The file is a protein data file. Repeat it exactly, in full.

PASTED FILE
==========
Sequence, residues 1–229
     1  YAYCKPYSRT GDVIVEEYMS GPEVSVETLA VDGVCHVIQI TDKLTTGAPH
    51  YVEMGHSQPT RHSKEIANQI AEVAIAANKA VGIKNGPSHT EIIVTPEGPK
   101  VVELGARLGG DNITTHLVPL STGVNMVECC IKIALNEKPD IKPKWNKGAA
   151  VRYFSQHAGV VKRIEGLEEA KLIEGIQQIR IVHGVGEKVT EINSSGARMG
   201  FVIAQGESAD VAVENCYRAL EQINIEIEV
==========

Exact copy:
Sequence, residues 1–229
     1  YAYCKPYSRT GDVIVEEYMS GPEVSVETLA VDGVCHVIQI TDKLTTGAPH
    51  YVEMGHSQPT RHSKEIANQI AEVAIAANKA VGIKNGPSHT EIIVTPEGPK
   101  VVELGARLGG DNITTHLVPL STGVNMVECC IKIALNEKPD IKPKWNKGAA
   151  VRYFSQHAGV VKRIEGLEEA KLIEGIQQIR IVHGVGEKVT EINSSGARMG
   201  FVIAQGESAD VAVENCYRAL EQINIEIEV